These are some of the most common and available teaching jobs in South Korea. They’re the best option for people without teaching experience. For many hagwons, only a bachelor’s degree is necessary — not even a TESL certificate.
The pay is good, but the hours are long and sometimes inconvenient, with classes often scheduled on weekends or early in the morning and late in the evening.
Hagwons typically provide furnished housing and two one-week vacations per year, plus all the Korean holidays. Contracts are almost always for one year, with the possibility for renewal based on performance.
Kids or Adults?
Most hagwons are for kids, although it’s possible to teach English in Korea to adults as well.
The market for these classes is somewhat in decline, due to the growing importance of Mandarin Chinese lessons, but there are still many schools around South Korea that hire foreigners to teach English to adults.
These classes are usually attended by businesspeople, so they’re almost always early in the morning or late the evening, held before or after the long Korean workday. Most offer classes on Saturday mornings too.
Besides this and another obvious difference — the maturity level of the students — an important difference is the level of expertise necessary.
Although it may not be a formal requirement, you’ll definitely need to know advanced grammar to teach adults. Many of them have already spent years studying English and know more about grammar than native speakers.
Because of that, previous teaching experience is often required for working at hagwons for adults. They also typically pay slightly more than regular hagwons.
Public and Private Grade Schools
Teaching English in South Korea at elementary, middle, and high schools is a bit of a step up to teaching at hagwons.
The hours are shorter (usually closer to 20 hours a week, compared to more than 30 and up to 40 at a hagwon), the pay and benefits are better, and there’s more vacation time, often around three weeks, twice a year.
More often than not, these schools require a bachelor’s degree in education or a teaching certificate, a TEFL/TESL certificate, and some prior teaching experience.
If you don’t have all of these but want to eventually work at a grade school, a good strategy is to first get a job at a hagwon and then look for a new job once your contract is over and you have the experience on your resume.
Public and private grade schools also offer the possibility for qualified and experienced teachers to teach a subject other than English. You could teach history, music, or even sports — all in English, of course.
University jobs are the best teaching jobs in Korea. The hours are lower (10-18 hours on average) and vacations are long (around two months, twice a year).
The pay is normally less than at hagwons or other schools, but this is reflected by the lower number of working hours.
University students are more mature and interested in English than their younger counterparts, and you could end up teaching more advanced and stimulating subjects, possibly in departments outside of the foreign language or English department.
Universities have much higher requirements than other schools where you can teach English in Korea. You’ll probably need a master’s degree in education, English, or some other relevant field, or even a PHD for certain positions. Experience is also necessary, such as two or three years of teaching at the university level.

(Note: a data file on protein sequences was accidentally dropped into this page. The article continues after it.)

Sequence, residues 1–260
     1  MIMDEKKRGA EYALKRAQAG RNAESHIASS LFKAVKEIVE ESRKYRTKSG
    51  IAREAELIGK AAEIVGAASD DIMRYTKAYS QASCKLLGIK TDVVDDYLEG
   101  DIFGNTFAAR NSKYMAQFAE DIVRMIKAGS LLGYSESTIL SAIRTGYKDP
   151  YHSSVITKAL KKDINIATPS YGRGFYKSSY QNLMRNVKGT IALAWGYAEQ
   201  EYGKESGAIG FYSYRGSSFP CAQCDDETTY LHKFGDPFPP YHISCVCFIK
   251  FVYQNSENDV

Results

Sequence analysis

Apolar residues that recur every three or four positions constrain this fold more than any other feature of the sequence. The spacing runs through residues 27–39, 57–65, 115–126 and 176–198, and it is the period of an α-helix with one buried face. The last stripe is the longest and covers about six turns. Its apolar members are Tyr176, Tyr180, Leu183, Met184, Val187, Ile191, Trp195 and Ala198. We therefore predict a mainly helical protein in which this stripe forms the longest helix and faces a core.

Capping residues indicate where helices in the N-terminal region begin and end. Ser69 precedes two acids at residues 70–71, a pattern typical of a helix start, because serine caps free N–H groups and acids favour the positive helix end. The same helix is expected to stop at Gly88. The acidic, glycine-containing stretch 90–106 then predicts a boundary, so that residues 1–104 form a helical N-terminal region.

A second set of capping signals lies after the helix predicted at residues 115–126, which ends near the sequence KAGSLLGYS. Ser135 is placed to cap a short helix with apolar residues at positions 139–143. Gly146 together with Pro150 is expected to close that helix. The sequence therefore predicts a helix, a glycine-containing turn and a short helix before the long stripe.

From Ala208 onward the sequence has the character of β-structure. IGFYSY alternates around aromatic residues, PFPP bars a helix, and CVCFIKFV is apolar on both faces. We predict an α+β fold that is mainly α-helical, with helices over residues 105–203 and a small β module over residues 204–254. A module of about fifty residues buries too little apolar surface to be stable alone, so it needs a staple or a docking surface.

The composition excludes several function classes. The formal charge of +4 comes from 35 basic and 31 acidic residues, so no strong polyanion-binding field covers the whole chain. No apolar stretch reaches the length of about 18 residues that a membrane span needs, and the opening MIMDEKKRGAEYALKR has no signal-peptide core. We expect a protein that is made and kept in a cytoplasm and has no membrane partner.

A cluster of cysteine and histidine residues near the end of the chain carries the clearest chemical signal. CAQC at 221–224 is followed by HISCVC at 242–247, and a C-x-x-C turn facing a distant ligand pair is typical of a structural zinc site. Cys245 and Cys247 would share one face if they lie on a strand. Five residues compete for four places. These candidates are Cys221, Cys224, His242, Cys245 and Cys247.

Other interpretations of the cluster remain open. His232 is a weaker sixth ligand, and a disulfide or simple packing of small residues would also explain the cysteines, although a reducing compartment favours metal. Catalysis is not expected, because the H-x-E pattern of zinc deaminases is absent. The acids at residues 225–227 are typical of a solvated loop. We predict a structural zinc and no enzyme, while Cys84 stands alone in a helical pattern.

Because of these requirements and because of such favorable job conditions, university jobs are some of the most difficult teaching jobs in Korea to get.
Teaching private lessons is officially illegal in Korea, but widely done by foreigners. Your best bet is to talk to other teachers at your school to find out where they find students and how much they charge per hour.
Grade schools and universities almost definitely won’t care if you teach private lessons on the side.
The main concern of the hagwons is that you don’t take business away from them. Be ethical: Don’t poach students from your school, and don’t steal their materials.
Finally, if you’re interested in learning Korean, you can do a language exchange, when you teach English for half the lesson and study Korean during the other half.
Qualifications to Teach English in South Korea
Requirements for teaching English in South Korea vary according to the type of school.
You can get a better idea of what’s required by looking online for English teaching jobs in Korea. Most job descriptions list the requirements, along with the salary and other details about the job, such as working hours.
Most jobs require that you’re from an English-speaking country. Some, mostly universities and grade schools, specify that they only accept teachers from seven countries: the US, Canada, the UK, Ireland, Australia, New Zealand, and South Africa.
For all jobs, from hagwons to universities, you’ll need:
For hagwons, it doesn’t matter what your degree is in, as long as it’s a bachelor’s degree.
For all other jobs, a degree in education, English, or something else that’s relevant is probably necessary. Of course, a master’s degree is even better, and if you have one, you’ll probably get paid more.
Universities often require a master’s degree and sometimes a PHD. For obvious reasons, university teaching jobs in South Korea that require a PHD are some of the best positions at the most prestigious schools.
You’ll need your original degree and original transcript. You may need them to be apostilled by your local government. Apostilles are internationally recognized certifications of documents. They’re typically cheap and easy to get.
Or, you may need them notarized by a Korean consulate in your country. But don’t worry about apostilles or notarized copies just yet. Your future employer will tell you exactly what you need.
Before you start a TESL/TEFL program, you should check the requirements of some jobs that interest you. In many cases, especially in hagwons, a TESL/TEFL certificate isn’t required but only preferred. This means that for many new teachers, doing a course actually isn’t necessary.